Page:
Working With Data Sets in CPPTRAJ.
In CPPTRAJ, Actions and Analyses can generate one or more data sets which are available for further processing. For example, the distance command creates a data set containing distances vs time. The data set can be named by the user simply by specifying a non-keyword string as an additional argument. If no name is given, a default one will be generated based on the action name and data set number.
Using the same example as the introductory start-here files, we can do the same analysis with a text file that has all the commands that will look like:
parm trpzip2.ff10.mbondi.parm7 trajin trpzip2.gb.nc distance end-to-end :1 :13 out dist-end-to-end.agr run
This commands can be saved in a text file (for example
analysis.cpptraj ) and the executed by CPPTRAJ using this inputs in the command line:
cpptraj -i analysis.cpptraj
This will make CPPTRAJ read your input file, follow each command and execute them when the
run keyword is called. As you can see from the output, a Dataset is created for the distance command with the name:
end-to-end. We see that we have generated one data set named ‘end-to-end’, with the legend “end-to-end”, that is a double-precision distance data set with 1201 elements. We can now continue to manipulate this data set if desired. Say for example you also want to write this data in the standard (column) data format. You can use the writedata command like so:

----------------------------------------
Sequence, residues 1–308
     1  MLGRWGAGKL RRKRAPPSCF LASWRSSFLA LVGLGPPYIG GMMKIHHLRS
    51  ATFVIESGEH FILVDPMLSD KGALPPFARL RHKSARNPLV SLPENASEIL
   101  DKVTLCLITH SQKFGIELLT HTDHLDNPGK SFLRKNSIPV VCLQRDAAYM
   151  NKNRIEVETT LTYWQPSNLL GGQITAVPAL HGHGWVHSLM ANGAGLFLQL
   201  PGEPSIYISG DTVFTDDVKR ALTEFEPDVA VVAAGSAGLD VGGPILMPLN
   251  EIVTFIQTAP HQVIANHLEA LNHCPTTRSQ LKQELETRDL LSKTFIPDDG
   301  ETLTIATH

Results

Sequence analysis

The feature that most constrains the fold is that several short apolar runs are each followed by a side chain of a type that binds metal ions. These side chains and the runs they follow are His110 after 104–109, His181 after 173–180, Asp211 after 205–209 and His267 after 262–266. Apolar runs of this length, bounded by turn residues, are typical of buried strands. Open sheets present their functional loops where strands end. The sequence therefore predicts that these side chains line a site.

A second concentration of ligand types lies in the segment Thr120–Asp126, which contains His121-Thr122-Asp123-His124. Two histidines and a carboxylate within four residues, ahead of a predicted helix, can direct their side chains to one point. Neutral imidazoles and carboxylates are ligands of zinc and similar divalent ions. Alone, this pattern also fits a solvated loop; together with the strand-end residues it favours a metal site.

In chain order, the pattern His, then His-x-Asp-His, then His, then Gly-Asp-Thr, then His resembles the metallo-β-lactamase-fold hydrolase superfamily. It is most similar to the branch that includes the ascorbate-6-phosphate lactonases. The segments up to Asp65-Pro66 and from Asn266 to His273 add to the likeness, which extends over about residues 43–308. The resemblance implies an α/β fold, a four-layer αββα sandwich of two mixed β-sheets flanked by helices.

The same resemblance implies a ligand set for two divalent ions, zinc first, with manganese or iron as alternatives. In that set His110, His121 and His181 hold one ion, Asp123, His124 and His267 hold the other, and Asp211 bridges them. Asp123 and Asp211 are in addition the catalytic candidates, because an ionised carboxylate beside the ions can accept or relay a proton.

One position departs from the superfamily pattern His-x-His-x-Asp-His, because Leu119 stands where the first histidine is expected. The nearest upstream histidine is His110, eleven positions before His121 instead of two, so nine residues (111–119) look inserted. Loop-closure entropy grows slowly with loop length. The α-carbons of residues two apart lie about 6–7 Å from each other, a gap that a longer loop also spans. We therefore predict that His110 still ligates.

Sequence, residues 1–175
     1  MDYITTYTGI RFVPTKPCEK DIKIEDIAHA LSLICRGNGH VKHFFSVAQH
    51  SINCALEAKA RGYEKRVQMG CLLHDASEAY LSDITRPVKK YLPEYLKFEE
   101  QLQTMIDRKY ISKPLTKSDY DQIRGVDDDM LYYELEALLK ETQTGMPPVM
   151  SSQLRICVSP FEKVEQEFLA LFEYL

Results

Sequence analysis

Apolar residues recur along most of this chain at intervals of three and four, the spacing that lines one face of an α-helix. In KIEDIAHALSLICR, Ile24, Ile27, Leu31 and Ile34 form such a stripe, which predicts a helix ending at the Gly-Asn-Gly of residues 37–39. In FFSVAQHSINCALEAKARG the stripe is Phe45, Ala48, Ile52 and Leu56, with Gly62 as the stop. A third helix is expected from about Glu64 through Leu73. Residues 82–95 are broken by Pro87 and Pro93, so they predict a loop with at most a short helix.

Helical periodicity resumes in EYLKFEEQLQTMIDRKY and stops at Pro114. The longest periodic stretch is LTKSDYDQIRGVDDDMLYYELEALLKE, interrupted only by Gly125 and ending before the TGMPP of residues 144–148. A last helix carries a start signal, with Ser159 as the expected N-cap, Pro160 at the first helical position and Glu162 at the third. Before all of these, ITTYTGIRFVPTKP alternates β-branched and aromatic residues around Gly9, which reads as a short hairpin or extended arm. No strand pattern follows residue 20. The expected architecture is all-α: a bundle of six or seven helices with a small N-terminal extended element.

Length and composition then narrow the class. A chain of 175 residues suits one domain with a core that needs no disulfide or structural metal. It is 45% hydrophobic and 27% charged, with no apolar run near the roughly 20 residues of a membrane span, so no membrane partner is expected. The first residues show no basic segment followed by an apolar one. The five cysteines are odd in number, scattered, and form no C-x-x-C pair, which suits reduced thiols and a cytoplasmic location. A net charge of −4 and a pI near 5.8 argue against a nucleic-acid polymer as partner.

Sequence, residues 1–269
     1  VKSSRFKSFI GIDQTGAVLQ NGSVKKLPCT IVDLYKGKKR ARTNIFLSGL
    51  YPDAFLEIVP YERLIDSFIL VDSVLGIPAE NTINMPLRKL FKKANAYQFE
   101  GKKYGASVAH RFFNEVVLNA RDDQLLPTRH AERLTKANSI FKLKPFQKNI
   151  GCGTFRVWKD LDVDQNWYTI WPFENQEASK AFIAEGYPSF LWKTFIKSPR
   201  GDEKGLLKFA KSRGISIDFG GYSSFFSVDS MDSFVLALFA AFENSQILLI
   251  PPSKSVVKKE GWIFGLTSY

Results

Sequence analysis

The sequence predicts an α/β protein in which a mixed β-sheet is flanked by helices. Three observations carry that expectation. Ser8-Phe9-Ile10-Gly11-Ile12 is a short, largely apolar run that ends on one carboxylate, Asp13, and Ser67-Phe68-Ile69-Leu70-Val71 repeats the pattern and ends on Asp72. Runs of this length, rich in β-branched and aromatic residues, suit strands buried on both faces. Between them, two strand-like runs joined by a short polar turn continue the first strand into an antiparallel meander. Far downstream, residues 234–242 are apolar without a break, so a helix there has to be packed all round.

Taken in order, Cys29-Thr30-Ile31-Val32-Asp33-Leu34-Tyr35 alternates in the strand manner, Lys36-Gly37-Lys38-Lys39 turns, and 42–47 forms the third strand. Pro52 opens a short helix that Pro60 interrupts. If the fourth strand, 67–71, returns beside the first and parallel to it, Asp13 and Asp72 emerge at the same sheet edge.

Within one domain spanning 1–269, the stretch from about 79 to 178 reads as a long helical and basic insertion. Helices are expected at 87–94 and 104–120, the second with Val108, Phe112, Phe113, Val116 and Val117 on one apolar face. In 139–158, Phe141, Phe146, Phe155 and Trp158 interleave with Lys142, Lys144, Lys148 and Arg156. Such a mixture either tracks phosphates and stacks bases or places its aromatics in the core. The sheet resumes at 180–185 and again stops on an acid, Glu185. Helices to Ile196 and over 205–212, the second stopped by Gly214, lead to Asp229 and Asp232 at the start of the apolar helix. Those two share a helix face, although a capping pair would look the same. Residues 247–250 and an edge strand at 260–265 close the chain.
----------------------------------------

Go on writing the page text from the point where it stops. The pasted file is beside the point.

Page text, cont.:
parm trpzip2.ff10.mbondi.parm7 trajin trpzip2.gb.nc distance end-to-end :1 :13 out dist-end-to-end.agr run writedata end-to-end.dat end-to-end
This dataset is a placeholder for data information that CPPTRAJ stores for further analysis. Now you will have a text file with the name end-to-end.dat. The linux ‘head’ command can be used directly from the CPPTRAJ command line to view the first few lines of ‘end-to-end.dat’
> head end-to-end.dat #Frame end-to-end 1 6.4251 2 5.9250 3 6.7926 4 6.3125 5 5.7580 6 5.4389 7 6.1086 8 6.5588 9 5.6949
This basic examples demonstrate the functionality of CPPTRAJ in both interactive and batch mode to perform analysis in MD simulation data.
Now we can move to the last ‘start-here’ example where we will perform a Root Mean Square Deviation analysis in our protein system – Follow this link.